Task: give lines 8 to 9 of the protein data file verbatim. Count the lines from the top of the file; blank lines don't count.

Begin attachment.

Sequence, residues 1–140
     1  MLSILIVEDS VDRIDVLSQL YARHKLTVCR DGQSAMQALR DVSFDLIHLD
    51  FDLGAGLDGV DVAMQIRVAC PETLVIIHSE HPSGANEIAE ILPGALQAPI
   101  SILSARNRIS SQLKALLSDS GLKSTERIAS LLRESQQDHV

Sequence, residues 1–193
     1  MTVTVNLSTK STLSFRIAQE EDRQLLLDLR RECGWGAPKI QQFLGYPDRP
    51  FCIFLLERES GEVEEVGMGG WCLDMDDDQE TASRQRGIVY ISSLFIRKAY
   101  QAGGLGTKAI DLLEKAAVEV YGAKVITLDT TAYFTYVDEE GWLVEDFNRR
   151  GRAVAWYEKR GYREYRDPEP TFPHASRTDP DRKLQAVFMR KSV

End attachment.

   101  QAGGLGTKAI DLLEKAAVEV YGAKVITLDT TAYFTYVDEE GWLVEDFNRR
   151  GRAVAWYEKR GYREYRDPEP TFPHASRTDP DRKLQAVFMR KSV